Email is both the boon and bane of nearly every business, a necessary evil that, left unchecked, can control your day and destabilise your work/life balance. Whether it’s the dread of returning from holiday to a wall of bumf, or the Saturday morning spent checking for important missed messages, not being on top of your email can be overbearing.
But the email deluge can be a thing of the past. Setting up your mailbox in a very simple, “action-oriented” structure can help you to use email in a more efficient way.
The concept of speedmailing derives from that of speedreading. Given all the different media we consume, we do a fair amount of reading on a daily basis. Cutting down on the energy it takes to do so while improving your understanding of what you read is a great benefit.
When it comes to email, it is not the technology that needs improving – we’ve reached peak email. It’s our skills and behaviour where the biggest improvements can be made.
The way you organise your email platform can make a staggering difference to freeing up time and energy for other, more important tasks. Using action-oriented structuring to streamline your mail can help achieve this: no more folders per project – just four folders to separate different tasks. A simple structure should allow you to empty your inbox, even on your mobile phone, with little effort.
A good place to start is with a total restructuring of the platform you use to send and receive mail.
Create an archive or, if your mailbox size is adequate, a folder called “Zipped folders” and retire your existing folders. Then crunch your inbox in one go, first putting the tasks from the recent emails into “action folders” and then moving all remaining emails to the single filing folder. Once the inbox is empty, go to the action folder to attend to the tasks with focus. Repeat this twice a day.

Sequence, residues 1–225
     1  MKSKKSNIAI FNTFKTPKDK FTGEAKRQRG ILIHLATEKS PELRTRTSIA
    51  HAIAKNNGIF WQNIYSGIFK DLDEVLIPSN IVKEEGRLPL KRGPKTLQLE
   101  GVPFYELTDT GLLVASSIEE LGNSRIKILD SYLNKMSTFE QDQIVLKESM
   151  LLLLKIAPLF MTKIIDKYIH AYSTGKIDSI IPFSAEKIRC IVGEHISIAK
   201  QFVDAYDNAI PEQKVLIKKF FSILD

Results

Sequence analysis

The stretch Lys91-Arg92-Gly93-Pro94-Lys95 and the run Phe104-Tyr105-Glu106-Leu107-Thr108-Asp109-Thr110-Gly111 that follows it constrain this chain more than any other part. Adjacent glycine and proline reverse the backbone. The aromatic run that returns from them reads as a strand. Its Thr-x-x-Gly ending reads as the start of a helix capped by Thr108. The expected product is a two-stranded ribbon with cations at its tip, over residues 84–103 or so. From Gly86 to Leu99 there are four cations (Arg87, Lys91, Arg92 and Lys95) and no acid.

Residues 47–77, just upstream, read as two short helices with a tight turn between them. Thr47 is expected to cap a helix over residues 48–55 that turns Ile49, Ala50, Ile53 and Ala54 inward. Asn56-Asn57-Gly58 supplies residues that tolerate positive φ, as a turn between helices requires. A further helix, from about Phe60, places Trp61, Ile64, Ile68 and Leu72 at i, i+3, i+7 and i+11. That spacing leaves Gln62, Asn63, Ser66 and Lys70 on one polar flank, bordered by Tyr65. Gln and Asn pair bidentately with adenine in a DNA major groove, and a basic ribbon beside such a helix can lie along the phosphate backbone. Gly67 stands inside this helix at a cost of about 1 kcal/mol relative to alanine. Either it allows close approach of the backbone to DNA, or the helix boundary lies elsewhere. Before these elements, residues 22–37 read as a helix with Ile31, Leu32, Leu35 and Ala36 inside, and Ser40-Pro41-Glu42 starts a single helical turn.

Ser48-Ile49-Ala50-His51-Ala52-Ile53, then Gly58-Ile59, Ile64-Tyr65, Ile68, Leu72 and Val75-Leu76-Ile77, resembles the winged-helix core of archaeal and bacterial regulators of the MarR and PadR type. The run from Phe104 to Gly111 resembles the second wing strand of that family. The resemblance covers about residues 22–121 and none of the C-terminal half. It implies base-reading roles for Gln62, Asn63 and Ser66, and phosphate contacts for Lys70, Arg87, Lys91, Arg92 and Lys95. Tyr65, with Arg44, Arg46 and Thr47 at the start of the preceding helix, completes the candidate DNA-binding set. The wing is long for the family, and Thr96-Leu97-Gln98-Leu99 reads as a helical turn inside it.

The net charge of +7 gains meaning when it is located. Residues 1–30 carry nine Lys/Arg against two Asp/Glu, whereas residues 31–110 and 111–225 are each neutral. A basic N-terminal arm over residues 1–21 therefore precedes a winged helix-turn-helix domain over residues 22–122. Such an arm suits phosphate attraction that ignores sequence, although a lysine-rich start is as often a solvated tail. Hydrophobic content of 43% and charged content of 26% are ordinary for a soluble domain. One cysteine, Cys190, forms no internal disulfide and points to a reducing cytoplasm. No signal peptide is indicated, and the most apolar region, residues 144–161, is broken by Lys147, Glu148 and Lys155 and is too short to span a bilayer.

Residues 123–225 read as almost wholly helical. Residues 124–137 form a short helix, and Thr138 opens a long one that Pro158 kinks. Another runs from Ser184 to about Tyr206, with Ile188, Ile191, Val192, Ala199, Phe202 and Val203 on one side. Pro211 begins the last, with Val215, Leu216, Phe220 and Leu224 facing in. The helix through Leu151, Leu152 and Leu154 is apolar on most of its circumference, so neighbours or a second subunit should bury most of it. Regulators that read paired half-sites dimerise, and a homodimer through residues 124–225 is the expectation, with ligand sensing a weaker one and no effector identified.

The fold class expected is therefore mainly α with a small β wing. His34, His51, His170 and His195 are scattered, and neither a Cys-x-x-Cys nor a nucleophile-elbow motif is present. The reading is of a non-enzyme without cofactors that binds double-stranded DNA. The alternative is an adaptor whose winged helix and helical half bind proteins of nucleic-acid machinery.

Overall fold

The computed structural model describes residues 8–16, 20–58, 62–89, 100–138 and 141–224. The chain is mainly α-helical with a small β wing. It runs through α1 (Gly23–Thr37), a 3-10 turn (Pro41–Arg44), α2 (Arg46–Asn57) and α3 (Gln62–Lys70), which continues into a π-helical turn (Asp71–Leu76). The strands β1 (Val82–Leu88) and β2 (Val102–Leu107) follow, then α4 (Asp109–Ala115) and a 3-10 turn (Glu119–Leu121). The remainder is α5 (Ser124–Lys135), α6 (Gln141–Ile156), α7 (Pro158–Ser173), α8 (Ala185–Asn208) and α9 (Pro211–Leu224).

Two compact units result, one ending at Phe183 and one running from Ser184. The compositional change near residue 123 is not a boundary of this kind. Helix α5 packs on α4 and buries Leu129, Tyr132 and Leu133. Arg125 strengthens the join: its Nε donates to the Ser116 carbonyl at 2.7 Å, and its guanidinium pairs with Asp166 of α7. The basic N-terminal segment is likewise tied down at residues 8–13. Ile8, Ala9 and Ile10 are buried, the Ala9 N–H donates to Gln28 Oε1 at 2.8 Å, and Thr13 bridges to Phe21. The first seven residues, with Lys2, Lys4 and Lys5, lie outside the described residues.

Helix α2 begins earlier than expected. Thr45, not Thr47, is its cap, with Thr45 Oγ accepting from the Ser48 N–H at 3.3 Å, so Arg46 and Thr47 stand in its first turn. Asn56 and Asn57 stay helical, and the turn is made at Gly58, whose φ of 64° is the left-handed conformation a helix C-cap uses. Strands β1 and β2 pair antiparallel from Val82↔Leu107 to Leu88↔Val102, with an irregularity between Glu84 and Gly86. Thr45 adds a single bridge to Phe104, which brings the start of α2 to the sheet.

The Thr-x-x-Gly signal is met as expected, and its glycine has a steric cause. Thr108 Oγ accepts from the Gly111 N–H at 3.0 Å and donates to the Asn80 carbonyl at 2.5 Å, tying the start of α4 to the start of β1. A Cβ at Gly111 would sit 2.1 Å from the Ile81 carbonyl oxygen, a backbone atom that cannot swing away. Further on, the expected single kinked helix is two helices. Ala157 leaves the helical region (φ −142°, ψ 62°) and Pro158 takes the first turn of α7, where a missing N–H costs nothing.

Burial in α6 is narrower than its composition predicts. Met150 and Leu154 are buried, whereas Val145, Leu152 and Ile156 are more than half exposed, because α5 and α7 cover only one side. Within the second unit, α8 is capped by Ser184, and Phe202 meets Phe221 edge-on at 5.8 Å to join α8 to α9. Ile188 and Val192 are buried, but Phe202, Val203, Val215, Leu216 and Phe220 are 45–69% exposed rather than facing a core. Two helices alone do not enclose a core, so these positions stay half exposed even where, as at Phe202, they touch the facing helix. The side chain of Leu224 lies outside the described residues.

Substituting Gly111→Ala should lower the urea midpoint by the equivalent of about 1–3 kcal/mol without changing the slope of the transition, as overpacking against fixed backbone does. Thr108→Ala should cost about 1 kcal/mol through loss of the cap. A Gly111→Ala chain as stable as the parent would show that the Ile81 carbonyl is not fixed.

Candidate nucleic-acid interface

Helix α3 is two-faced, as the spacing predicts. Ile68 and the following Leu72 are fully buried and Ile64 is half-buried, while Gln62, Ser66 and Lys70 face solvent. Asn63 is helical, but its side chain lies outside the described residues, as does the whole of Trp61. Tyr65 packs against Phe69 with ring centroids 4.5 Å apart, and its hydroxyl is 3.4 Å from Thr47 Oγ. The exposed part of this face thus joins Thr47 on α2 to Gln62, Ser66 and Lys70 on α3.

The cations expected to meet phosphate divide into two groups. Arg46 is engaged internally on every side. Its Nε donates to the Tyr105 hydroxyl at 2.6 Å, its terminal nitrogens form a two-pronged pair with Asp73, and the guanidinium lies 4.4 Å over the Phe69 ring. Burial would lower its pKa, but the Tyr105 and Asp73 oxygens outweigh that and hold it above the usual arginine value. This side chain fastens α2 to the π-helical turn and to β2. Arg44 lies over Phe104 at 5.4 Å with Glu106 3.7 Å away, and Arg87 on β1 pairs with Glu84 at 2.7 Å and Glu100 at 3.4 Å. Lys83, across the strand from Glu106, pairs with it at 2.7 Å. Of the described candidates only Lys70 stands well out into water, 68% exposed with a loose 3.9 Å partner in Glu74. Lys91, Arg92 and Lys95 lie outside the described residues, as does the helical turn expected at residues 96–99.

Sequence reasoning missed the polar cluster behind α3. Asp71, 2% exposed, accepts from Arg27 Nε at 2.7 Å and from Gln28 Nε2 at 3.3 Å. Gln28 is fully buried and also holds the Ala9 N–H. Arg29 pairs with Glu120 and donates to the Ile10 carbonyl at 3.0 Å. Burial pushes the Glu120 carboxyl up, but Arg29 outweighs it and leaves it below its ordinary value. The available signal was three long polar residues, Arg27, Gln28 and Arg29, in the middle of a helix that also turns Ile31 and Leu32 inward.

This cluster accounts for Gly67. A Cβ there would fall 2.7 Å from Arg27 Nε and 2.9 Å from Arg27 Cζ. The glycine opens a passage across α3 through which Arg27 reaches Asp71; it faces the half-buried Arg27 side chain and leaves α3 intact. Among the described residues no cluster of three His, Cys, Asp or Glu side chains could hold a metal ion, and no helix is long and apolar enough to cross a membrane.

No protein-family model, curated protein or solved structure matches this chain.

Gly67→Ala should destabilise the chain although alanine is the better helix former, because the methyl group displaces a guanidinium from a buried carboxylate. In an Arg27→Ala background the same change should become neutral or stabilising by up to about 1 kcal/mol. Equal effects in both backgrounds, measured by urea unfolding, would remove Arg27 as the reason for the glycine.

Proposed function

Much of speedmailing is about time-efficiency: consider your inbox as the starting point of all tasks. If there’s something you need to do, get it out of your inbox, and into an “action folder”. Once you have decentralised your workload it’s easier to see what needs to be prioritised. With short tasks, for example, if they can be done in one to two minutes, do them immediately to free up your time, and avoid nagging follow-up emails.
Although your inbox should be the starting point of any task in hand, you shouldn’t ever work directly from it – incoming email can distract you from your actual work. Retain focus by eliminating all incoming mail notifications across your devices.
Remember that urgent emails don’t exist – or at least they shouldn’t. An urgent matter should be managed in person, by phone or any other suitable means (perhaps to a team mailbox). This will help you ignore the inbox more and focus fully on your tasks.
The benefits of coming up with a simple email structure is that the brain quickly gets used to it, and will start “programming” a lot of the related decisions into more energy efficient parts of the brain. This will allow you to save your energy to do your job well, and to enjoy your time outside of work – a benefit that will pay off every day.
Speedmailing by Richard Wolfe is out now, published by Pearson, priced £9.99.